The NPRM does not require reports of cross-border transportation of prepaid cards when businesses deliver prepaid card inventory to cross-border selling agents for eventual sale to the public. This mirrors the exclusion that currently exists for travelers check issuers and their agents.
Comments Requested by FinCEN on the NPRM
Perhaps the most interesting aspect of the NPRM is the list of issues on which FinCEN seeks comment. Many of these requests for comment reflect the concerns raised by the industry regarding cross-border reporting of prepaid cards. These questions are an opportunity not only for industry participants to address key issues, but will also force law enforcement agencies to grapple with some of these difficult issues. The specific items for comment in the NPRM, include:
How should law enforcement obstacles be addressed? FinCEN identifies the following as some such obstacles:
- Network branded open loop devices “can be indistinguishable from credit and debit cards,” thus making it difficult for law enforcement to identify covered devices.
- The Right to Financial Privacy Act and state privacy laws may make it difficult for law enforcement to determine the available balance on a covered device.
- Law enforcement may not be prepared with a device to read the available balance when the device takes a “novel form” (i.e., not a chip or card).
- A declaration concerning available balances may be unintentionally inaccurate, because of possible difficulties for the holder in retrieving records concerning the device or because the holder may not be directly responsible for adding value to the device.
Should closed loop cards continue to be subject to a border declaration obligation as proposed?
- FinCEN notes that such cards typically bear no information identifying the cardholder, so they can be used by anyone who possess the card. Although their inability to access cash may mitigate their potential use as a money laundering device, such cards may be sold outright for cash.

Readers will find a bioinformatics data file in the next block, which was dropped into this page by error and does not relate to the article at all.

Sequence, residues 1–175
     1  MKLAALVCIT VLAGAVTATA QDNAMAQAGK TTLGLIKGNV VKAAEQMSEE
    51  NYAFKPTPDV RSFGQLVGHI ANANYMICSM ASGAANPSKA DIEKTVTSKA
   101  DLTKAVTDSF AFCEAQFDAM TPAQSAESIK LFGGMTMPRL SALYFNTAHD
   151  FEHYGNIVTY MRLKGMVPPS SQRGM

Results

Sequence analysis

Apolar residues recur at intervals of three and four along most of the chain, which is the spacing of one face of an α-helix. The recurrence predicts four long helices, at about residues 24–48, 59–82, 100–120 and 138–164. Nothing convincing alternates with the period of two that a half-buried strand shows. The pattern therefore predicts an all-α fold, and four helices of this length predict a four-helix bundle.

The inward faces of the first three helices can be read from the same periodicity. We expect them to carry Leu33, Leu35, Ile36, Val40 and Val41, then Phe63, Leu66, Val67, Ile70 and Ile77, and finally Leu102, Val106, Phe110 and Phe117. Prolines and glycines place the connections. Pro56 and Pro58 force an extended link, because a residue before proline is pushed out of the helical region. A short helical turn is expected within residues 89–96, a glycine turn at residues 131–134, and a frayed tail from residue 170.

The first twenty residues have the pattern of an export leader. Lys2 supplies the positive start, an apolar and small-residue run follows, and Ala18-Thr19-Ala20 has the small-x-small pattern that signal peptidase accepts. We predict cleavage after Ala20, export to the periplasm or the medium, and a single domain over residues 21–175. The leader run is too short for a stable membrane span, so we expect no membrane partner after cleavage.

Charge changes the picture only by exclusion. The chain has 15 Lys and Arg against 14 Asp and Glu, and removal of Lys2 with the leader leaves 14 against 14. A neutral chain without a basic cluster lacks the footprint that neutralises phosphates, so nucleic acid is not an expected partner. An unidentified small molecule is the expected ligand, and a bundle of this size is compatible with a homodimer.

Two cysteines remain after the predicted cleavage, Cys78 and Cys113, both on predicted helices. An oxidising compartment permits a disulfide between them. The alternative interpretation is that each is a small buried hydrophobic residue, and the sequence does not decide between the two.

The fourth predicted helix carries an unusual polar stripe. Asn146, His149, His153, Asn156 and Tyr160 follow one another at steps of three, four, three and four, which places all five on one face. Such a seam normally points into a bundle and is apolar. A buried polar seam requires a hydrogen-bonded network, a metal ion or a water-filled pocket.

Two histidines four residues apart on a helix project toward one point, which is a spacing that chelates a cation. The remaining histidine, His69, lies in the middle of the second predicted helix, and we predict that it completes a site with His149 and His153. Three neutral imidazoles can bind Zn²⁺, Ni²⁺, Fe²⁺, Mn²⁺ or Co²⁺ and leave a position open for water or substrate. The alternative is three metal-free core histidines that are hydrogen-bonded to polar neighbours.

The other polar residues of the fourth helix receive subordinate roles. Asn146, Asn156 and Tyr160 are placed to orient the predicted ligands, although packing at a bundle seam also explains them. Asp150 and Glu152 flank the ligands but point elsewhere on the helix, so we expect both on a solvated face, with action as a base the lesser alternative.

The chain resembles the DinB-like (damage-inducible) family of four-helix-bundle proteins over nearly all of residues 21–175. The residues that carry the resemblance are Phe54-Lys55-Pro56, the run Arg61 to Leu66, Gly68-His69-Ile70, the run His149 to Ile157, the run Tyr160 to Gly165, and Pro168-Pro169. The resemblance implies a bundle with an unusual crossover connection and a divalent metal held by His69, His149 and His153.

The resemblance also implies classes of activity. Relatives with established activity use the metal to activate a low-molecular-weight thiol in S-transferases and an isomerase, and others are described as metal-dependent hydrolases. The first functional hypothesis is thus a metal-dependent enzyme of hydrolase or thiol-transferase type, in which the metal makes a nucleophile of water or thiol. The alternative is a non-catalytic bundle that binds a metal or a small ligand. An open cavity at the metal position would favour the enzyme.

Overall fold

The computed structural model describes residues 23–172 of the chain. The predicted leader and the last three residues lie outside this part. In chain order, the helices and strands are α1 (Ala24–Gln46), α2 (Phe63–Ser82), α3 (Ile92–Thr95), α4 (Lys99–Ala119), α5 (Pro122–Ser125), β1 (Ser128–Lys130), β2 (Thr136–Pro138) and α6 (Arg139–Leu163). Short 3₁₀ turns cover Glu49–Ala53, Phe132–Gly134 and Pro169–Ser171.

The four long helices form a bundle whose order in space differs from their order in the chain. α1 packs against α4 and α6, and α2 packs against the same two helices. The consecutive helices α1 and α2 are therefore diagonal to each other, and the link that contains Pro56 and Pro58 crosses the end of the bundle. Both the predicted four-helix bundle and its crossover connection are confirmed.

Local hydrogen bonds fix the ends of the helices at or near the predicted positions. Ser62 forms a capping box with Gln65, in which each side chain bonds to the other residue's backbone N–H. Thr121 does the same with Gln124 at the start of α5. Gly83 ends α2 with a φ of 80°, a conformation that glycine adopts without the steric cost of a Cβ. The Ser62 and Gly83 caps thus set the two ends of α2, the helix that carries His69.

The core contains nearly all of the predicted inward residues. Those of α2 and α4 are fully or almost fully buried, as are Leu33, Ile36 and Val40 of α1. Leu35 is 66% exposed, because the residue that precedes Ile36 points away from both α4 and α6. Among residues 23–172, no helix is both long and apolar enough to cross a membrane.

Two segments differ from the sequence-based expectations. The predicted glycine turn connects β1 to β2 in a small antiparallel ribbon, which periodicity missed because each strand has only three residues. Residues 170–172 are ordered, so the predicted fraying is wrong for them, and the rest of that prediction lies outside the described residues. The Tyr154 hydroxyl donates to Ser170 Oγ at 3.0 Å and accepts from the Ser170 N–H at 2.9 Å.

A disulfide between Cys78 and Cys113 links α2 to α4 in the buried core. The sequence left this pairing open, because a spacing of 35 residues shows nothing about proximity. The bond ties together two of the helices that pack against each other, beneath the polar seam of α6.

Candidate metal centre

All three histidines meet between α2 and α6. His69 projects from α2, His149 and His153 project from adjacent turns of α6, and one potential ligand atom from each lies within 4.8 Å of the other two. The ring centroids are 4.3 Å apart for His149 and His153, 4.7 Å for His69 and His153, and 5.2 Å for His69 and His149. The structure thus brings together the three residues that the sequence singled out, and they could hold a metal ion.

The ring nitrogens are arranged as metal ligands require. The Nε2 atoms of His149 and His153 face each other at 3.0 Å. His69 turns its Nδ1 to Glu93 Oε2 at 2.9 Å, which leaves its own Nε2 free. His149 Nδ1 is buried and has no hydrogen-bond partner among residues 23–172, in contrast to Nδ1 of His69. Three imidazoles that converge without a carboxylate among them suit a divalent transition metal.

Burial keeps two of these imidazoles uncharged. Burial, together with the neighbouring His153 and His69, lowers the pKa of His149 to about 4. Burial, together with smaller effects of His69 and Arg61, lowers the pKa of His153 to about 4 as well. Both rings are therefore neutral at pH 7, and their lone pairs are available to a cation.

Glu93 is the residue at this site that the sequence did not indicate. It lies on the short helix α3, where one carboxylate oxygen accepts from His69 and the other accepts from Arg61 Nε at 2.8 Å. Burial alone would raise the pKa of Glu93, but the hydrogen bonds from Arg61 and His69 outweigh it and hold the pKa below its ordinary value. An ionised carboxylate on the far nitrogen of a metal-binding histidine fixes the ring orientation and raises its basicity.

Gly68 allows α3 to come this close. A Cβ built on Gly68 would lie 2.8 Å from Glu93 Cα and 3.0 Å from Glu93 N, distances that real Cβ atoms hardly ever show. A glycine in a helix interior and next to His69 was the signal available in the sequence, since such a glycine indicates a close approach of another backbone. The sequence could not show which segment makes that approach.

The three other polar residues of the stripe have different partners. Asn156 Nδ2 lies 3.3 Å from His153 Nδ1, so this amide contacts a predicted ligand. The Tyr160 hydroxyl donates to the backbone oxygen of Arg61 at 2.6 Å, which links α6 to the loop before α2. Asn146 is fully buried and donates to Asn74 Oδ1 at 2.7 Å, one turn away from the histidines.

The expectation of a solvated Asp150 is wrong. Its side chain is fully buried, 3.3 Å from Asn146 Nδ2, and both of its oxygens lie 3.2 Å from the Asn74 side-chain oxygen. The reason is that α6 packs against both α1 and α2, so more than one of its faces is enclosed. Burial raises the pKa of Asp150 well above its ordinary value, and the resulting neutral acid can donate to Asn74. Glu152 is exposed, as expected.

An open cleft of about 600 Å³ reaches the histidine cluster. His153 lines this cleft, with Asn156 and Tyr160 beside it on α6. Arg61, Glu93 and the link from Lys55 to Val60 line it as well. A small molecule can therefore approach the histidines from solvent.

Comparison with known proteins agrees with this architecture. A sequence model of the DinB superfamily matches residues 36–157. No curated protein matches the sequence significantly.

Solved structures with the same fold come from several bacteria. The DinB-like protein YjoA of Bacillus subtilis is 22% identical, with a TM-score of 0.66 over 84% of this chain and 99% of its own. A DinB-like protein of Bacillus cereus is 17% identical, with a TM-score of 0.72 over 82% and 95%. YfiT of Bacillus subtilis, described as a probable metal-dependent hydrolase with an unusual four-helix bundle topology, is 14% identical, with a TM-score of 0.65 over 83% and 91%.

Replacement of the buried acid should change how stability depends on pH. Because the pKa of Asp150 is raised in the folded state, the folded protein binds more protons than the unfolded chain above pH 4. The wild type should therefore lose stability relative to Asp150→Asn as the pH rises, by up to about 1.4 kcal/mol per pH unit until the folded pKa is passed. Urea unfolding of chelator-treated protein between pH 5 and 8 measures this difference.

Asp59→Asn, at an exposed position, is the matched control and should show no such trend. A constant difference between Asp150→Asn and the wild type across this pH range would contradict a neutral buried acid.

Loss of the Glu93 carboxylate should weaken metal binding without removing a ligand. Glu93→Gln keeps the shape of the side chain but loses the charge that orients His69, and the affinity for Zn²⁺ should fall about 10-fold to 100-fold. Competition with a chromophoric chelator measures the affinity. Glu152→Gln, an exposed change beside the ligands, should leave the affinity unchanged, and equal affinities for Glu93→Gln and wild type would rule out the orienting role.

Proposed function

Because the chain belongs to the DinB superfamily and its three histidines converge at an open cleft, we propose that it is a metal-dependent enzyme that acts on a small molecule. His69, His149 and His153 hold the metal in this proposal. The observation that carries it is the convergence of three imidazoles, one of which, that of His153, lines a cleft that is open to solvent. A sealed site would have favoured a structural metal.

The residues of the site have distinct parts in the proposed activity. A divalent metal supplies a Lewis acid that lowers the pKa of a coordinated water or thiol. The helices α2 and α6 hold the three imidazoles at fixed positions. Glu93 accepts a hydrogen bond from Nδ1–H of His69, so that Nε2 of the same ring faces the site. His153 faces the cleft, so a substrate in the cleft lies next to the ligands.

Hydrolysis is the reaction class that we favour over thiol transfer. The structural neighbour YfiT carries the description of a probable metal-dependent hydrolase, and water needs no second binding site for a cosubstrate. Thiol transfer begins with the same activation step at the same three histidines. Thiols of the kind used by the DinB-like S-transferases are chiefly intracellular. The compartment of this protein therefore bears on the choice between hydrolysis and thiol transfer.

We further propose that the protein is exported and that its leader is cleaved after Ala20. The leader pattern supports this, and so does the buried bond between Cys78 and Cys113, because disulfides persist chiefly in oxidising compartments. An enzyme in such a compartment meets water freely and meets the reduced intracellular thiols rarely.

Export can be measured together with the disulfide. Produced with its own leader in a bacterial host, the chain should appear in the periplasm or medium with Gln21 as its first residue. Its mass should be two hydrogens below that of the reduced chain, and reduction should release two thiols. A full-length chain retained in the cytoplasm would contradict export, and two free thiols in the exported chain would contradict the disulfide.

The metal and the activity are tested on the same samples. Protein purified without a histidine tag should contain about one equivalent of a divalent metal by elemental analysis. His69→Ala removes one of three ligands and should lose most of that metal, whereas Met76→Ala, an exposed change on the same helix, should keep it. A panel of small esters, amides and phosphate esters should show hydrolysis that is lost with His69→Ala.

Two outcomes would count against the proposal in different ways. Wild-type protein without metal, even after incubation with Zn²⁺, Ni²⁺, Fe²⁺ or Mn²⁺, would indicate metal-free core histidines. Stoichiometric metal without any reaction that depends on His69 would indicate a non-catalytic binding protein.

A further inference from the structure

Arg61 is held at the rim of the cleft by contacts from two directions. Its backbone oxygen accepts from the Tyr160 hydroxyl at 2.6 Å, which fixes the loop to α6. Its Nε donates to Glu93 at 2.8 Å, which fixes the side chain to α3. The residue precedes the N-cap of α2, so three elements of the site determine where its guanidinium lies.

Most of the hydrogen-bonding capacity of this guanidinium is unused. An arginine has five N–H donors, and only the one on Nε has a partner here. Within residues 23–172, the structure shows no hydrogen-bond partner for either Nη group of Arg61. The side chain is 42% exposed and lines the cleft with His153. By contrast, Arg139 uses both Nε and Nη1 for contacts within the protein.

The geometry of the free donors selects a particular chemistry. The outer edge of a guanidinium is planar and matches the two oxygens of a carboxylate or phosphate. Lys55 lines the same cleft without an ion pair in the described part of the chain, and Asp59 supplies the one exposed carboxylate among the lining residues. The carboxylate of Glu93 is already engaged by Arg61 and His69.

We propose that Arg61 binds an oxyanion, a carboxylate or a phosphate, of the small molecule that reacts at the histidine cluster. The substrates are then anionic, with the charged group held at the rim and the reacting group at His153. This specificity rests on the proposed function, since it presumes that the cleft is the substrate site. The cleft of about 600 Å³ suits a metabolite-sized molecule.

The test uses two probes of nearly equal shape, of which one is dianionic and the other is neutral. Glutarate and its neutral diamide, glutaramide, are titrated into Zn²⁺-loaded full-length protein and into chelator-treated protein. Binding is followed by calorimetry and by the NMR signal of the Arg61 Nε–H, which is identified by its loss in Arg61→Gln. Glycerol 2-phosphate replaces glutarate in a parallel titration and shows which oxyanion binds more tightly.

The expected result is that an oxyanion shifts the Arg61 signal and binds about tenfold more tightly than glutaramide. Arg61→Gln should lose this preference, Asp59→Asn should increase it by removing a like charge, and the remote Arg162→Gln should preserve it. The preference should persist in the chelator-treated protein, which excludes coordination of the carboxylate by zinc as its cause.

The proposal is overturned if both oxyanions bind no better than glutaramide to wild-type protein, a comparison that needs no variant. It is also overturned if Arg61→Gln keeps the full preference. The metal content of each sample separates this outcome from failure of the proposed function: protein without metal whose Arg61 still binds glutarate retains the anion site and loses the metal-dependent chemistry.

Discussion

Should other types of lower-risk prepaid access devices that are not “prepaid programs” under the final prepaid rule be excluded from the definition of monetary instruments, such as government-funded cards, cards holding no more than $1000 with restricted usage, or payroll cards with restricted usage?
Should branded open loop reloadable prepaid cards with the name of the person to whom the card has been issued embossed on the front of the card be subject to border declaration as monetary instruments?
- FinCEN notes that such cards are issued exclusively by depository institutions in the US, and are already subject to a full slate of AML obligations, including the customer identification program rule. Such cards may have the name of the person to whom the card was issued embossed on its face, similar to a debit or credit card.
Should the border declaration obligation be associated with the value immediately available to a prepaid access device at the time the device enters or leaves the country or should the declaration obligation apply to the potential maximum value available via the prepaid access device? For example, if a card that has the capacity to hold $20,000 is carried across the border with only $1,000 on the card, should that card still be subject to reporting?
Should the border declaration obligation apply to codes, passwords, and other intangibles as well as to any tangible object that is dedicated to accessing prepaid funds? Should it only apply to cards, or also to cell phones, key fobs, or other tangible objects that include a device that enables them to function in a similar manner to “swiping” a magnetic stripe card?
Are there any additional costs associated with the completion of the CMIR form as a result of the proposed rule?
Is it appropriate to exempt (as proposed) the international transport, mail or shipment by a prepaid access business or its agents of tangible prepaid access devices prior to their delivery to a seller for sale to the public?
Should devices that require a PIN number for POS or ATM use be excluded as intangible prepaid access?
What will be the impact of the proposed rule on small entities?
With respect to its Paperwork Reduction Act obligations, FinCEN specifically requests comments on: (a) whether the proposed recordkeeping requirements are necessary for the proper performance of the mission of FinCEN, and whether the information shall have practical utility; (b) the accuracy of FinCEN’s estimate of the burden of the proposed recordkeeping requirement; (c) ways to enhance the quality, utility, and clarity of the information required; and (d) how the burden of complying with the proposed collection of information may be minimized, including through the application of automated collection techniques or other forms of information technology.
The NPRM was published in the Federal Register on Monday, October 17th, and comments are due on or before December 16, 2011.